The seminar is sponsored by NYU-ECNU Institute of Physics at NYU Shanghai.
Here we study the magnetic susceptibility in various 3D gapless systems. Recently, a great deal of attention has been focused on the three-dimensional (3D) materials having zero- gap electronic structure with nontrivial topology. The Weyl semimetal is a representative example of such gapless materials, where two energy bands are touching at isolated points in the momentum space. Theoretically, it is also possible to have the band touching on a line in the momentum space, and such line-node band models and candidate systems were proposed. The existence of band touching is generally responsible for several unusual physical properties. One of the most notable examples is the magnetic susceptibility, which shows distinct features from the conventional orbital diamagnetism of free electron. In two- dimensional (2D) zero-gap linear band (e.g., graphene), it is known that the orbital susceptibility is expressed as a delta function of the Fermi energy, which diverges in the negative (i.e., diamagnetic) direction at the band touching point.
Here we calculate the magnetic susceptibility in a wider variety of three-dimensional gapless systems, including Dirac and Weyl semimetals as well as the line-node semimetal. The susceptibility is decomposed into the orbital term, the spin term and also the spin-orbit cross term which is caused by the spin-orbit interaction. We show that the orbital susceptibility logarithmically diverges at the band touching energy in the point-node case, while it exhibits a stronger delta-function singularity in the line node case. The spin-orbit cross term is shown to be paramagnetic in the electron side while diamagnetic in the hole side, in contrast with other two terms which are both even functions in Fermi energy. The spin-orbit cross term in the nodal semimetal is found to be directly related to the chiral surface current induced by the topological surface modes.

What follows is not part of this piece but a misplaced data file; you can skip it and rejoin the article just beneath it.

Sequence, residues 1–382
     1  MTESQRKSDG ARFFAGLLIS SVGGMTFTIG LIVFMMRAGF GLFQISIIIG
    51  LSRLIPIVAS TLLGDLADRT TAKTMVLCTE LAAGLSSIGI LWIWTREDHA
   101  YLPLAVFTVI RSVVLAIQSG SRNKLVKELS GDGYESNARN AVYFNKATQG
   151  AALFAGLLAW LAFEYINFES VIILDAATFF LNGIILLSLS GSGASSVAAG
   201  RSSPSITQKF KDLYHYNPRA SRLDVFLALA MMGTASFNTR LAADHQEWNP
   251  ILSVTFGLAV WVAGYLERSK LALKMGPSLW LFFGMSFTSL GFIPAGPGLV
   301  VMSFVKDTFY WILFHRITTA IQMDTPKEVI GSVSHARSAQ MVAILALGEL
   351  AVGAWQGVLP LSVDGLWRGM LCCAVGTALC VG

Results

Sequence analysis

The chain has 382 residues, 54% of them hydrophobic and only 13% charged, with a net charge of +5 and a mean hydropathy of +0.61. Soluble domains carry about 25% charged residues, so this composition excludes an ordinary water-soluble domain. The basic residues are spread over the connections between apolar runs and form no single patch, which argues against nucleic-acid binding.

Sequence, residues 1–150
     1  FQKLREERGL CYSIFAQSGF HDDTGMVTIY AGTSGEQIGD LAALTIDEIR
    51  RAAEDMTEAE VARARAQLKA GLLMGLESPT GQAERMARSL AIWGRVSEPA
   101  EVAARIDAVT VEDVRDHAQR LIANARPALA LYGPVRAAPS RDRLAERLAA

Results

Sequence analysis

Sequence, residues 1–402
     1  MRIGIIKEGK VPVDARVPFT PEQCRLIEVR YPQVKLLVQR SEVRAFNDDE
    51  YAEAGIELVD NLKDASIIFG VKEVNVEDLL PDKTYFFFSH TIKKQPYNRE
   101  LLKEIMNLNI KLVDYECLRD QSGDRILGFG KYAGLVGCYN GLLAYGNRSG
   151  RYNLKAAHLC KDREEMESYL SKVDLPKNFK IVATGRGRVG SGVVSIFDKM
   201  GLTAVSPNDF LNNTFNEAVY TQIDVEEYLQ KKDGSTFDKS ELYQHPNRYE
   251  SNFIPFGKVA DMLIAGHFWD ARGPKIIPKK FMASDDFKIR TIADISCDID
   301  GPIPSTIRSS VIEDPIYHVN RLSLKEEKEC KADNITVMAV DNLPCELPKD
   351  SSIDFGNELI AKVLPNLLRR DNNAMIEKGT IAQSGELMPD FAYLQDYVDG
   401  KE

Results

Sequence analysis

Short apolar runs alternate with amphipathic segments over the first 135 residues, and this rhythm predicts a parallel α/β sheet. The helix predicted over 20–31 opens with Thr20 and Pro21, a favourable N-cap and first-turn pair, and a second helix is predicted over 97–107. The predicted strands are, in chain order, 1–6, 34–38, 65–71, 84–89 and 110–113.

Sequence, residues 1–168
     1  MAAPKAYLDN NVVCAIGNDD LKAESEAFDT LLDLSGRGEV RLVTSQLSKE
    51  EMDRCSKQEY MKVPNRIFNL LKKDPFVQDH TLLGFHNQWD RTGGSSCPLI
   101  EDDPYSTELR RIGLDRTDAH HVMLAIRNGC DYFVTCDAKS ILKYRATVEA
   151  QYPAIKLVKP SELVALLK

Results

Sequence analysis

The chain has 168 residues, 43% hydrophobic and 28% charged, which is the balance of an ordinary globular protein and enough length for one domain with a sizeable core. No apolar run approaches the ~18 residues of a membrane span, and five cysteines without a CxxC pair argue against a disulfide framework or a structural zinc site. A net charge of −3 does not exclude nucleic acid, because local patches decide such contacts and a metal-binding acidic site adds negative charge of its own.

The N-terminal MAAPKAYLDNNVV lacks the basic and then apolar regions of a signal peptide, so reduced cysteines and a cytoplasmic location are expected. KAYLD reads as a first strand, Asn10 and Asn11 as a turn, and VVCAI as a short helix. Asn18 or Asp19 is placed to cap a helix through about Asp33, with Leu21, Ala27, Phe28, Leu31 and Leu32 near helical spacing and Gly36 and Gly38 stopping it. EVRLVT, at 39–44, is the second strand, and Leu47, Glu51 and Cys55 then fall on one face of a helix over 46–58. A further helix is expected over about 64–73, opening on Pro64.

Mikito Koshino received his Ph.D. degree from University of Tokyo, Japan in 2003. He was a research associate in Tokyo Institute of Technology from 2003 to 2010. Since 2010, he has taught Tohoku University, where he is an associate professor in condensed matter theory.
His current research is focused on the theoretical study on the electronic properties of various low-dimensional materials including graphene, carbon nanotubes and other atomic layer materials, and also covers the topological materials such as Weyl-Dirac semimetals and topological insulators.